In Nigeria, in particular, I do not think I have ever come across a subject as vulgar as money. When I say that Nigeria is poor, I do not mean that there aren’t billionaires sprinkled about the land, or millionaires in every major city, in all the 36 states, 37 when you add the Federal Capital Territory. Nigeria is poverty stricken because if you took everything from anyone who had anything, and shared it with everyone in the country, we would all have nothing. There just isn’t enough to go around, and this is why, there is nothing more powerful, vital, and vulgar than money. It isn’t merely the means to an end, or a good life, it is a stick you use to beat anyone who has less of it than you. Money is currency. Money is power. Money is everything. Makes life a little sour.
I’ve always been wary of vast displays of cash, of endless rivers of champagne, of sports cars, of shiny things. Nigeria is as poor as it is corrupt. The legitimately wealthy and the illegitimately rich are such good bed fellows that once joined it is impossible to say where one starts and the other begins. This is how I think of it. As my mother says, “you can’t shine shit.” The fruit of a poisonous tree can’t be anything but poisonous.
If you are wealthy in Nigeria, you must admit, if not to the EFCC or the FIRS, then at least to yourself, that some of your money, no matter how legitimately you earned it, is suspect. And we all know it - Me, my gateman, the mallam down the street. We all know that the only reason why you have so much is that some of us have tolerated having so little for so long. The only reason why you have been able to gorge yourself, is that your brother has found starvation and suffering tolerable. I suppose this is why I think spending money without fear is vulgar. The Nigerian people are docile, they’ve been accepting of too much, and I’d really hate for your ferrari to be the straw that breaks the donkey’s back.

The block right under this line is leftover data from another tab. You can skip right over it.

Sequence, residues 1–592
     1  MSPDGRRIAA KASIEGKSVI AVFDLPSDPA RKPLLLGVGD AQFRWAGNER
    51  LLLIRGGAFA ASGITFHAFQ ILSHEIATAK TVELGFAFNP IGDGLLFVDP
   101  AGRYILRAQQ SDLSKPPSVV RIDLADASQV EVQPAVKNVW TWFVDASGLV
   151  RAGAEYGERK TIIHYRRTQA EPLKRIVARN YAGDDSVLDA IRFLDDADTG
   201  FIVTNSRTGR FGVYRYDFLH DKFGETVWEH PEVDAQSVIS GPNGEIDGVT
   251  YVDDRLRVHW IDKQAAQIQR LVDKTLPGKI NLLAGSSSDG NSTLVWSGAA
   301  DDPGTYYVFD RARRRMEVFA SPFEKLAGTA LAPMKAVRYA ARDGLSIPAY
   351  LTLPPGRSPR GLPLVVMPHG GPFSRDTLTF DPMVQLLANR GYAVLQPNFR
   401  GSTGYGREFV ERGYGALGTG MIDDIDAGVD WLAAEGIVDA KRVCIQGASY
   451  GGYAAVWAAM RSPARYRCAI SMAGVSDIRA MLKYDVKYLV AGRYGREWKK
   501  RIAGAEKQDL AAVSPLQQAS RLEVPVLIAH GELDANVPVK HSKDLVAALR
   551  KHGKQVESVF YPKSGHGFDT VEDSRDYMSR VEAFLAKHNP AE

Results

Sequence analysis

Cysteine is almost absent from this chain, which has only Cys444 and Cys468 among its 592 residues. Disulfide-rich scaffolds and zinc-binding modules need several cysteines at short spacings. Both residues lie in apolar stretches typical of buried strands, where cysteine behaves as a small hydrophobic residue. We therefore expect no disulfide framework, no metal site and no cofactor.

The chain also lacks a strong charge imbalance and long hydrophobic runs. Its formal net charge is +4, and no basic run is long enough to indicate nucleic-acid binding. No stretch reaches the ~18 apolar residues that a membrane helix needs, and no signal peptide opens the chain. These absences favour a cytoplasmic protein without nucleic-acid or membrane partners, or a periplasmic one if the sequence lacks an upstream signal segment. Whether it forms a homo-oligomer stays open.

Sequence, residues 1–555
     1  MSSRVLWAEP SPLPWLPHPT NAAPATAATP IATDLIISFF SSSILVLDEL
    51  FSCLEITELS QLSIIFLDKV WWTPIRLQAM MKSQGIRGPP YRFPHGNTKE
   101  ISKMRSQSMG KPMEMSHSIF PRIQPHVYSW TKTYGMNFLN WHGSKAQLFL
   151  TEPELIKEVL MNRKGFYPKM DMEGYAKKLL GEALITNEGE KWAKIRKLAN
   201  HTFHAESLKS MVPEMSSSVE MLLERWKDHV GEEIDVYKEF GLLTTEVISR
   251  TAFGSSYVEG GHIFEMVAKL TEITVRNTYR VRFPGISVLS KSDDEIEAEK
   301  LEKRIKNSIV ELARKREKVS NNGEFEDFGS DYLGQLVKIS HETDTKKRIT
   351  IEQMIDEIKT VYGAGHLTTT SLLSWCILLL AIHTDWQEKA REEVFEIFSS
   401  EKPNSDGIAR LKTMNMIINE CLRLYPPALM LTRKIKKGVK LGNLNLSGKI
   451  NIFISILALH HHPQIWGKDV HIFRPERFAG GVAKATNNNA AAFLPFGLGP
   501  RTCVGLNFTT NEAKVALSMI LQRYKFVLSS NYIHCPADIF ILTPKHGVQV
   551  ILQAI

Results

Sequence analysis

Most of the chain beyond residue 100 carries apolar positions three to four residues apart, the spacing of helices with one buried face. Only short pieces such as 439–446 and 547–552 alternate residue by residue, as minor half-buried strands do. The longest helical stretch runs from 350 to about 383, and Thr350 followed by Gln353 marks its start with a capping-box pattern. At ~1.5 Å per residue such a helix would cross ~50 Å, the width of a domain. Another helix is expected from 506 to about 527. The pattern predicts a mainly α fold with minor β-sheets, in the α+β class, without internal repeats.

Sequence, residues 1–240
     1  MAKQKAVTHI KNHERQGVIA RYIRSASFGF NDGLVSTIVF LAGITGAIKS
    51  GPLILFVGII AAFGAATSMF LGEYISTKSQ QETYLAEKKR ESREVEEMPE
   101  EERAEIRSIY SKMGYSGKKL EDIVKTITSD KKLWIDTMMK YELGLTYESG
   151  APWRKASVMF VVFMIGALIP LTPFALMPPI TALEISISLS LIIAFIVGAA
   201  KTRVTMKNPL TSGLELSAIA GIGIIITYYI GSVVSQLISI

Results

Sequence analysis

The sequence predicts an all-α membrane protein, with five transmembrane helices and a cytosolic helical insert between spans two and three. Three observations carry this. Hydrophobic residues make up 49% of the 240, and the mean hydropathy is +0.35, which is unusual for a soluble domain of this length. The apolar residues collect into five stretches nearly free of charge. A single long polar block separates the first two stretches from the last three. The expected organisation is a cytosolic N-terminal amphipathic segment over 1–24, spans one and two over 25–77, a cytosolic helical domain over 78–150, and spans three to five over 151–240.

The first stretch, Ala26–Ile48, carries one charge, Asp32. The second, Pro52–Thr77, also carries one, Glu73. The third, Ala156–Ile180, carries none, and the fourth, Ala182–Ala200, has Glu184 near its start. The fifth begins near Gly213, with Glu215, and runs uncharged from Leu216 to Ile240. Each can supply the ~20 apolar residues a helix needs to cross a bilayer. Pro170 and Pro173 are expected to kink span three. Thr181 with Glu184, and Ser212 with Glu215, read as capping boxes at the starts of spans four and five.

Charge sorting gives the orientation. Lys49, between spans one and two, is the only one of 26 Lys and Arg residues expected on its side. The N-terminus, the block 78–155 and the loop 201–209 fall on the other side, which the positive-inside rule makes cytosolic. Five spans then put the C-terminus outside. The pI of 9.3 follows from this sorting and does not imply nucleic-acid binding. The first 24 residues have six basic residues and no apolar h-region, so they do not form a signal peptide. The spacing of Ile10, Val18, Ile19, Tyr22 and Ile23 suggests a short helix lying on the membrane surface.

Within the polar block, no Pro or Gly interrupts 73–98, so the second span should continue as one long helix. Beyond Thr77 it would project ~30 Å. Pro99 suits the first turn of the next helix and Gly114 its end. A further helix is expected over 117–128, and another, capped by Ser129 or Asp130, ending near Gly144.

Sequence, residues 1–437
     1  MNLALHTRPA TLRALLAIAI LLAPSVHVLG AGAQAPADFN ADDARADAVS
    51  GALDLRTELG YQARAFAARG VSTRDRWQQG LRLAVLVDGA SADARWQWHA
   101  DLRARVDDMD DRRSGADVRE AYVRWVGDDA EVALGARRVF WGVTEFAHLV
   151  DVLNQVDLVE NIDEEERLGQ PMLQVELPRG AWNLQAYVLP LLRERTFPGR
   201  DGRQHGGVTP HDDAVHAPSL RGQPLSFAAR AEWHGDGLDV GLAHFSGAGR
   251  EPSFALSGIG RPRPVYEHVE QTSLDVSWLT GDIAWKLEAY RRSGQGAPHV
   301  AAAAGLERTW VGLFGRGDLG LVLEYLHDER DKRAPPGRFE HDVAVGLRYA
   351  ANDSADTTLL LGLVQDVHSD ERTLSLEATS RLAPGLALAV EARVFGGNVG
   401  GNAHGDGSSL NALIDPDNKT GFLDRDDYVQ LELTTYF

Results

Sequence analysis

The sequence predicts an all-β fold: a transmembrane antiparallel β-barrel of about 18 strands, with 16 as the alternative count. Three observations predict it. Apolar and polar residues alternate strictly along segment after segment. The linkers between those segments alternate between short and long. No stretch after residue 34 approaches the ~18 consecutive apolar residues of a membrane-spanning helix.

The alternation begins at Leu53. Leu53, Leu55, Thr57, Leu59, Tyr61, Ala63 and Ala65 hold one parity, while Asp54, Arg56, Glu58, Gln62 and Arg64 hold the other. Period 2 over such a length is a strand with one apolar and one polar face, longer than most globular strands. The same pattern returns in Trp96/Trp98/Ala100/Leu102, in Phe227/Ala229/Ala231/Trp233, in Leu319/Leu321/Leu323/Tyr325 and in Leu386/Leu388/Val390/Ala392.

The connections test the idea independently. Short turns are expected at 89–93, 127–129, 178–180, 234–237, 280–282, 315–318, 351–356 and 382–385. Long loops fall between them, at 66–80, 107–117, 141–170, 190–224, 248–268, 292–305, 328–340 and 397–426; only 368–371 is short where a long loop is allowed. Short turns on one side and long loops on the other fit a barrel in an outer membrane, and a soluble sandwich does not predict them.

“Are you very rich?” The ant asked the lizard.
“Yes. I’ve got bones, and flesh, and limbs. That’s quite wealthy, I think.” The Lizard replied.
The ant smiled. The next day, he returned with all his brothers and sisters and they took everything the lizard said he had. I suppose if the lizard had been discerning enough he’d still be alive, but what does that matter to me? I’m a man. I’m not a lizard.
Earlier this week, the Otedola girls, the billionaire’s daughters, announced to their social media followers, that their daddy, Femi Otedola, had bought for them 3 brand new Ferrari Portofinos. “How extraordinary!” I thought. “What a good daddy.” My thoughts moved quickly. “How much did that cost?” The answer was at my fingertips. $300,000. Give or take a few thousand. “Must be nice!” I thought. “Very nice indeed.”
The day after the debut of the Ferrari trio, the Ikorodu boys, our favourite creative boys and girls from the village, produced their version. Of course, nothing remotely negative can be said about the enterprising young, however, I’d be lying if I didn’t admit to feeling a little sour. Our Ikorodu boys, budget re-makers of Hollywood trailers, got three Wheelbarrows and painted them, Cuppy captivating pink, Temi tasteful brown and Tolani brilliant blue, with wigs to match. How quick! How creative! But also how terrible! Of what use is a wheelbarrow in 2020 if you’re not a groundsman, a farmer, or a gardener? And there’s no greater metaphor for the glaring income inequality that exists in Nigeria than a dutiful comparison of both pictures. If not for their reproduction of the moment, I wouldn’t have had cause to come up with the following sentence, which I think has a metaphor. In Nigeria, you’re either one of the very few driving a Ferrari, or you’re one of the many, pushing a wheelbarrow.